Analyst Insight: The Problem With the Trillion Dollar Club
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On the 6th of May, 1954, Roger Bannister set a very important record. He had done what many thought was impossible and became the first human to run a mile in under 4 minutes — 3 minutes and 59.4 seconds to be exact.
This milestone was one that runners had been trying in vain to achieve as far back as 1886, yet once Bannister had crossed the finish line, something amazing happened. Just 46 days later John Landy ran the distance in 3 minutes and 58 seconds. A year after that, the time was beaten by three athletes in the same race.
In removing the mental shackles that surrounded this achievement, Bannister paved the way for a new age of athletics. He had made the impossible possible.
In August 2018, Apple became the first publicly-traded company to cross the $1 trillion mark after 42 years in operation. It took just two more years to reach $2 trillion. 16 months later it briefly crossed the $3 trillion barrier.
In that time between $1 and $3 trillion, Microsoft, Amazon, Google, Facebook, and Tesla all joined the four comma club, with the latter two falling below the line again since. The speed at which value has been created in just a few names has been nothing short of amazing. From an outlandish figure beyond any real comprehension (enjoy Emmet’s attempts to put it into context here), the word trillion has now become a very real part of our everyday lexicon thanks to six companies.
Their ascent to the trillion-dollar mark has captivated Wall Street for the better part of a decade, creating vast amounts of wealth and — concurrently — creating a stock market that is dominated by just a few names.
In fact, we are approaching historical levels of concentration in the major indexes. In this piece, I’ll try to elaborate on how we got to this point, what it all means, and whether our obsession with mega caps should be cause for concern.
Back to Basics
Let’s start with the basics. To understand why the major indices have been dominated by just a few names in recent years, we must first understand how.
This all comes down to their composition. Both the S&P 500 and the NASDAQ 100 are defined by the weighted average market capitalization of their components. Now, this sounds a lot more complex than it actually is. What this really means is that each stock in the index is given a weight proportionate to its market cap, divided by the total market cap of the index.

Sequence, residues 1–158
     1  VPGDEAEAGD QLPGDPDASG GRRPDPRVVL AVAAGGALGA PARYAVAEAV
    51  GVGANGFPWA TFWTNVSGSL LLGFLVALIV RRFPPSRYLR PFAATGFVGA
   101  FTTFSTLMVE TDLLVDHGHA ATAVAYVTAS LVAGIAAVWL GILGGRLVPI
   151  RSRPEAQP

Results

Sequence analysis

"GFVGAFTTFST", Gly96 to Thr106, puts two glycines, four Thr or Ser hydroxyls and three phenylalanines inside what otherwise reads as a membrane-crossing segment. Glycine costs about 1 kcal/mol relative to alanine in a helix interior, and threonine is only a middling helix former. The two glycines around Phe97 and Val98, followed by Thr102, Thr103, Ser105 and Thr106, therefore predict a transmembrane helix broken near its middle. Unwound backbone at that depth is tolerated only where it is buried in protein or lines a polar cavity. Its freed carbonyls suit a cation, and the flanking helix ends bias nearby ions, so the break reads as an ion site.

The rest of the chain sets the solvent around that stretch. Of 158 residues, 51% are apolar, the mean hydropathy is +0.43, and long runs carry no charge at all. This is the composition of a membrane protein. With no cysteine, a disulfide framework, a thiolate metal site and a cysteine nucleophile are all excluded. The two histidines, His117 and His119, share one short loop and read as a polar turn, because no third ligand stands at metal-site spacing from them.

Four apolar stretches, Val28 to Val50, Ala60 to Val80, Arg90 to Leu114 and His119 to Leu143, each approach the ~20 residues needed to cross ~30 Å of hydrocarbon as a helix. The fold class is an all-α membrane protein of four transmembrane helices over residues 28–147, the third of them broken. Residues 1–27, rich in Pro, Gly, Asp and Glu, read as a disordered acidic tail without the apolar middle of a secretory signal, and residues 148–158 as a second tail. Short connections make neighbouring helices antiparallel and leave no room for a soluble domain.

If a company is worth $10 million and the combined value of the entire index is $100 million, then that company represents 10% of the index, or has a 10% weighting. Extending this example, it becomes evident that the movements of our $10 million company will have an outsized influence on this index, compared to a $1 million company.
Weighted average indexes are considered to be stable. They are also viewed as indicative of the wider market, as larger companies have more of an influence than smaller ones. Looking at the third major index, the Dow Jones Industrial Average, it’s clear to see why weighted average is the preferred method.
The Dow is price-weighted rather than market-cap-weighted, meaning the influence of a particular stock on the overall index is deemed by its stock price rather than the market cap. The inefficiency of this system has been well known for years, but nowhere was it more evident than when Apple underwent a 4-for-1 stock split, immediately dividing the effect of the index’s largest company by four. It’s no wonder index investors forego the Dow in favor of the S&P or the NASDAQ.
So now that we know how the major indexes operate and how one company can have an outsized influence on their overall performance, let’s take a look at the composition of the S&P 500.
With roughly a $40 trillion accumulative market cap, the S&P 500 is a representation of the stock market as a whole. Its four largest companies — Apple, Microsoft, Google, and Amazon — account for more than $8 trillion in market cap, representing over 20% of the total index. When we talk about the NASDAQ 100, these same four companies account for almost 40%.
If we throw in the rest of the top ten of the S&P — Tesla, Facebook, Berkshire Hathaway, Nvidia, Johnson & Johnson, and United Health — we see that the big boys make up over 30% of the market. This is the downside of a weighted-average index, as just a few names can end up dominating the entire index.
So what does a top-heavy market like this mean for us investors?
If you’re like me and spent most of last year scratching your head trying to figure out why your portfolio was sinking while the wider market seemed to be doing just fine, this concentration at the top goes a long way to explaining why.
One of the fallouts of such a top-heavy market is the issue of ‘market breadth’ — this is the last definition I promise.
Market breadth is the relative change in advancing versus declining stocks — how many are going up compared to how many are going down. To take the S&P 500 as an example, if 251 stocks are going up on any one day, that would be positive market breadth and the inverse for negative. Confirmation is when market breadth and the index are going in the same direction, while divergence is when they start disagreeing.
Now it gets a little sticky when an index is advancing yet it has a negative market breadth. This indicates that a few stocks are dragging the market higher, yet the majority of stocks are actually negative — a sure sign all is not well under the hood.
Divergence like this is usually a precursor to a reversal on the horizon. Does this sound familiar?